\(A=\sqrt{s(s-a)(s-b)(s-c)}\), where \(s\) is the semi-perimeter of the triangle and \(a\), \(b\), and \(c\) are each of the side lengths.

Let’s talk about semi-perimeter for a minute. Semi-perimeter isn’t something we come across often, so we need to break apart the word to figure out what exactly it means. We know that perimeter is the distance around an object, so it is the lengths of all the sides added together, but what does “semi” mean? You may think of a semi-circle to help you understand. A semi-circle is half a circle, so in math, “semi” must mean half. Now that we know what each part of the word means separately, let’s put it together. Semi-perimeter must mean half of the perimeter.

Let’s try a couple of examples using this formula.

What is the area of this triangle?
triangle with sides of  7 m, 9 m, and 13 m
The first thing we want to do is write out our formula. I always recommend doing this because it helps you remember where to plug something in, and writing the formula out repeatedly will help you remember it.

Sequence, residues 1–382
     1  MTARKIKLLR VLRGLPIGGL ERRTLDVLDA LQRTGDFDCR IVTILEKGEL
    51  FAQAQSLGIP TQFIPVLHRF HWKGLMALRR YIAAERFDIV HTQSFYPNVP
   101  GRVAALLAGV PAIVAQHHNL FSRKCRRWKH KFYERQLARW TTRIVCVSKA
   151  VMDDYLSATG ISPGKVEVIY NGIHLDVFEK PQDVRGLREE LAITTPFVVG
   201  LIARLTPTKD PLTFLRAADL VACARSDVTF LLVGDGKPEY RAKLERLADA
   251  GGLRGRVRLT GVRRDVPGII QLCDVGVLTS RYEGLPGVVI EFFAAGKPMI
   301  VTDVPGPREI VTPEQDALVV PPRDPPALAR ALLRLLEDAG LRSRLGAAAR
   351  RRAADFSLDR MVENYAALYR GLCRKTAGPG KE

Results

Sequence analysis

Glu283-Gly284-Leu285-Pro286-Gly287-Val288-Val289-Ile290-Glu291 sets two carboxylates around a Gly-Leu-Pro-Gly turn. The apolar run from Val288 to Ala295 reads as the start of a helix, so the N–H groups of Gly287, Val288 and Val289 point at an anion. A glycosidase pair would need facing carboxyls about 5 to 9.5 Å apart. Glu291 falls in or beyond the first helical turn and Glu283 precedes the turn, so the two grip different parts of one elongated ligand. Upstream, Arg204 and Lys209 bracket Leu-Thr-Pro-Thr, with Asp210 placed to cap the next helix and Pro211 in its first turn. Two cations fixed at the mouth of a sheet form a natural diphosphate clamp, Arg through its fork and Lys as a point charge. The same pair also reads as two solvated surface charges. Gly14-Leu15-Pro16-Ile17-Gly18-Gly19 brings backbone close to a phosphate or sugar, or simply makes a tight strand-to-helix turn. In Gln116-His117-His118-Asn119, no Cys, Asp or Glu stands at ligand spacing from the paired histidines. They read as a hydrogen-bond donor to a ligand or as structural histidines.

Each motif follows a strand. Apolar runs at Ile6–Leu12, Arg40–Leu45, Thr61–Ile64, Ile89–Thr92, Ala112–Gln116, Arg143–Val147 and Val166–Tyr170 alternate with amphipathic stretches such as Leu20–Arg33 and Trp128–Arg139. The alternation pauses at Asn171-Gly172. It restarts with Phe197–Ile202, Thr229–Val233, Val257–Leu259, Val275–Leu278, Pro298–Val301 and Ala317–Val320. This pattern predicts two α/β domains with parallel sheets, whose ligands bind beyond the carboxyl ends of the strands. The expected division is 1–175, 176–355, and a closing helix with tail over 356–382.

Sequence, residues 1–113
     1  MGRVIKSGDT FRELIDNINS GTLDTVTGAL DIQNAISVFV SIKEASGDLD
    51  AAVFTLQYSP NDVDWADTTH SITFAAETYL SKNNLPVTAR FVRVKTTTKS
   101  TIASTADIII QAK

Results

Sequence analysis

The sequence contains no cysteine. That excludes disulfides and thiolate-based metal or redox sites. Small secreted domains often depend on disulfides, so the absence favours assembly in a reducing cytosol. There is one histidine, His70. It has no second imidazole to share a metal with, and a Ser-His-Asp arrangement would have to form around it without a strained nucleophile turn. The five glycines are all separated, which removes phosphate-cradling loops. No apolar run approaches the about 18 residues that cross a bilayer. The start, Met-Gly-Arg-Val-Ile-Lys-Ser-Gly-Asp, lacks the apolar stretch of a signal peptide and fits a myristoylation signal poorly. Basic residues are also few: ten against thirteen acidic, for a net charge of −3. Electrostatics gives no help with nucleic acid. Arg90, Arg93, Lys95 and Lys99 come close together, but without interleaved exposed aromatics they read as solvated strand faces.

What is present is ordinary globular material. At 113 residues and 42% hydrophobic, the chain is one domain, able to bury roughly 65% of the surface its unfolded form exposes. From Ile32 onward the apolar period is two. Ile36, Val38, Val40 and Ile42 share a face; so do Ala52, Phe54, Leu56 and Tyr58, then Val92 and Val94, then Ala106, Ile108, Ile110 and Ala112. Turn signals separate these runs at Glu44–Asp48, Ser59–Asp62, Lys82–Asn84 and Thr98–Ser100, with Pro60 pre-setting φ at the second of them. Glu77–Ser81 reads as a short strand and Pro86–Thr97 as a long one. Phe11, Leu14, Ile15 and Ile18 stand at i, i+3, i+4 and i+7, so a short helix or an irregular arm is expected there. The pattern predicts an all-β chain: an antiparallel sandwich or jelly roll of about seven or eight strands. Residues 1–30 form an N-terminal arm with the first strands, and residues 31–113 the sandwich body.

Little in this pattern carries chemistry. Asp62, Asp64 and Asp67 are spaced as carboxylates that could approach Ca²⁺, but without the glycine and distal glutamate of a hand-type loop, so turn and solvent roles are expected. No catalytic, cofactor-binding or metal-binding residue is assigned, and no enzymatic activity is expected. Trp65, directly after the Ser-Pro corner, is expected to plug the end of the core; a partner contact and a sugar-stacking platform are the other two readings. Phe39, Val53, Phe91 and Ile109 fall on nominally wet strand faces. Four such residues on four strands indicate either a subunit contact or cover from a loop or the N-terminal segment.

\(A=\sqrt{s(s-a)(s-b)(s-c)}\)

 

We know our \(a\), \(b\), and \(c\) values, but we don’t know the value of \(s\), so before we can plug things into our formula, we need to figure out what \(s\) is. \(S\) stands for semi-perimeter, so we want to find the perimeter of our triangle and then divide by 2.

\(s=\frac{7+9+13}{2}=\frac{29}{2}=14.5\)

 

Now that we know that \(s\) is 14.5, we can plug all our known values into our equation.

\(A=\sqrt{14.5(14.5-7)(14.5-9)(14.5-13)}\)

\(=\sqrt{14.5(7.5)(5.5)(1.5)}\)

 
Which, when you simplify this out, is approximately equal to 29.95 square meters.

\(\approx 29.95\text{ m}^{2}\)

 

Let’s try another one.

Find the area of the following triangle.

triangle sides of 12 ft, 24 ft, and 13 ft

The first thing we need to do is write out our equation.

\(A=\sqrt{s(s-a)(s-b)(s-c)}\)

 

Now we need to find our semi-perimeter.